Putting Adobe InDesign at the center of your production workflow
Publishers are increasingly looking to generate ebooks from the same programs they use to create print editions.
This has several advantages including using existing staff, publishing in multiple formats, and integrating ebooks into the normal production workflow.
Adobe InDesign is the most widely-used professional publishing software. As well as producing print editions, it includes the ability to export a publication to EPUB format (including support of an expanding range of EPUB3 features).
Producing EPUB and Kindle ebooks directly from InDesign
InDesign’s ability to produce clean EPUB files has improved since it was first introduced in InDesign CS4. But the process is not as automated as the sales brochures would like you to believe. It requires careful styling and preparation and plenty of clean-up of the exported file so you’ll still find yourself poking around the HTML and CSS code to get it working well.
In its latest versions, Adobe has also improved the EPUB export by giving designers more EPUB-specific options at the layout stage to optimize images, type, styles and metadata for more accurate EPUB creation. InDesign styles can be mapped to the source manuscript mark up styles, and a process referred to as ’round-tripping’ can ensure that changes to the manuscript and production files can be kept in sync.
Kindle ebooks can be exported from InDesign using a free, Amazon-supplied ‘plugin’ (a small program that runs inside InDesign) since InDesign doesn’t have native Kindle support. The same caveats apply to producing Kindle ebooks from InDesign: the raw output will probably need to be cleaned up before uploading to a commercial service (http://adobe.com/indesign).
Adobe Digital Publishing Suite (DPS)
Adobe Digital Publishing Suite uses InDesign as its core production tool, but it’s a different tool, one which adds a range of additional production and distribution services aimed at producing books and magazines as apps, rather than as reflowable EPUB ebooks.
Adobe DPS lets designers using Adobe InDesign (version CS5 and above) create apps without having to write any program code. DPS can also looks after distribution of the completed apps to the iPad App Store for sale.
Adobe has its own e-reader app called Adobe Content Viewer to display the content that’s produced in its DPS format. It can’t be read using standard ebook readers or Adobe Reader for PDF files. Small publishers will most likely use the standard Adobe Content Viewer while larger publishers can have their own branded e-reader app.
Digital Publishing Suite is particularly well-suited to production and distribution of digital magazines. At the time of writing, only iPad apps are supported. http://www.adobe.com
Here’s a video from Adobe that gives you an overview of how to produce and publish a publication app using Digital Publishing Suite (since updated to version CS6).
Other programs producing digital output from Adobe InDesign
Quark is InDesign’s main rival as a professional page layout program and offered conversion to EPUB format in its latest version, QuarkXPress 9. There is no Kindle export but publishers can supply the EPUB file to Amazon for conversion to Kindle format.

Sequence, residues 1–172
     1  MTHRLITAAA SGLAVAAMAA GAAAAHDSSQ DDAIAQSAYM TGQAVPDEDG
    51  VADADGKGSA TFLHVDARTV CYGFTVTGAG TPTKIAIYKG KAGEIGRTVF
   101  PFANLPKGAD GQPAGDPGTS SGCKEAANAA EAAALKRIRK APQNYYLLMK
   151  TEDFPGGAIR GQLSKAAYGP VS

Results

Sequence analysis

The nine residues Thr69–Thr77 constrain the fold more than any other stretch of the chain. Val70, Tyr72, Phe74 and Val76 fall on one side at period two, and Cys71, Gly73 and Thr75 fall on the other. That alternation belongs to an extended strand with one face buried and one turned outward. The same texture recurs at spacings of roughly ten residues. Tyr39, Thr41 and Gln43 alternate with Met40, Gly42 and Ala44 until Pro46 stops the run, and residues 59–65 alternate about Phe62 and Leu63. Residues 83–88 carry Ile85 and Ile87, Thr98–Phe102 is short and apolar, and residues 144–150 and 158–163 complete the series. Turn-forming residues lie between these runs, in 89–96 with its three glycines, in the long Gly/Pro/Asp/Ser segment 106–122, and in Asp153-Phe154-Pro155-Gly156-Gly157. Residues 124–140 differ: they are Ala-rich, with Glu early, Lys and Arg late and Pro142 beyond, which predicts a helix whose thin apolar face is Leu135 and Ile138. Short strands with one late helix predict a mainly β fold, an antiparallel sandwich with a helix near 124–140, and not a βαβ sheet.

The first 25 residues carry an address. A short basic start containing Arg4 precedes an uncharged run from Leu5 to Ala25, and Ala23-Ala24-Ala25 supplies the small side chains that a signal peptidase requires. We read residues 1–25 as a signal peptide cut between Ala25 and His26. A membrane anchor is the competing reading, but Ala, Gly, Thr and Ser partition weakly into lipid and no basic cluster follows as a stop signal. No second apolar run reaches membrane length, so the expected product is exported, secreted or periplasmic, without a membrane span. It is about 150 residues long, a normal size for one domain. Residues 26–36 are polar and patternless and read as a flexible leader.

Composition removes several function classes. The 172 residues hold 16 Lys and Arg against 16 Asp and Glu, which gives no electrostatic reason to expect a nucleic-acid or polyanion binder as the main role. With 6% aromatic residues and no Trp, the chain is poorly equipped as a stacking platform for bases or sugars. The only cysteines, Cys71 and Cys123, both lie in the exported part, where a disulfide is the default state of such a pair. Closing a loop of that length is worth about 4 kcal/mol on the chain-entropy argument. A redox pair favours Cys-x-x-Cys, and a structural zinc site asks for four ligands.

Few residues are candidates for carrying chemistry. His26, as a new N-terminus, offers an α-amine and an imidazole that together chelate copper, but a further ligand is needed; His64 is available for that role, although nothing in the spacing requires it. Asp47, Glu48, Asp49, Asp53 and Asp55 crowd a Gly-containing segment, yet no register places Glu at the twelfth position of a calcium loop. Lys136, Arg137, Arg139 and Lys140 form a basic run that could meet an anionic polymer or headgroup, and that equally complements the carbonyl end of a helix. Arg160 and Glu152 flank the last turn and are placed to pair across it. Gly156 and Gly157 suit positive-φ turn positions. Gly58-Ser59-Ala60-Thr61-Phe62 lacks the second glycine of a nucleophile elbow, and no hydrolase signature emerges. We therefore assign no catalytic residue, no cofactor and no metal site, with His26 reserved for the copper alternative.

QuarkXPress also has a cloud service called App Studio. It converts Quark and InDesign files into HTML5 content and distributes that content through Apple and Android app stores.
App Studio offers similar functionality to Adobe Digital Publishing Suite but Quark’s approach is arguably better, using the industry standard HTML5 rather than the proprietary format used by Adobe. http://www.quark.com
Woodwing software integrates with Adobe InDesign to produce multiple digital formats for the web, tablets and e-readers from the same InDesign files. It supports a wider range of digital formats than Adobe DPS but can integrate with DPS to allow publication of apps through Adobe’s Content Viewer technology. http://woodwing.com
Typefi is another multi-format system that integrates with InDesign. It can take marked up Microsoft Word or XML source documents and automate the production of richly-formatted books, ebooks, PDFs and web content. http://www.typefi.com/index.php/products/typefi-publish
Atomik Quantum Publisher (AQP)
AQP from UK developer EasyPress integrates with InDesign to produce multiple digital formats including EPUB. EasyPress also produces a range of XML and document workflow products for InDesign and QuarkXPress. http://www2.easypress.com
Inkling is one of the new breed of online production tools, aiming at the textbook and illustrated book market with an advanced platform. We’ll look at Inkling in more detail shortly. Inkling can import InDesign files and convert them to its own format. https://www.inkling.com/habitat
This Kobo-owned company produces high-end publishing tools, including InDesign plug-ins to produce ebooks, apps and web apps for book, magazine, and comic markets. http://www.aquafadas.com
This InDesign plugin lets you create EPUB3 ebooks from within InDesign, then export them to EPUB3 files suitable for tablets or smartphones. http://flipick.com
Professional-grade service, aims at graphical and interactive publications such as illustrated and children’s ebooks. Fixed-layout only, good multi-format and multi-language support. Imports InDesign files. Output formats include EPUB3, Kindle KF8 and apps for Android and iOS. Paid service (per-user subscription) with a free trial option. http://pubcoder.com
Find out more about this topic on our Digital Publishing 101 useful resources site.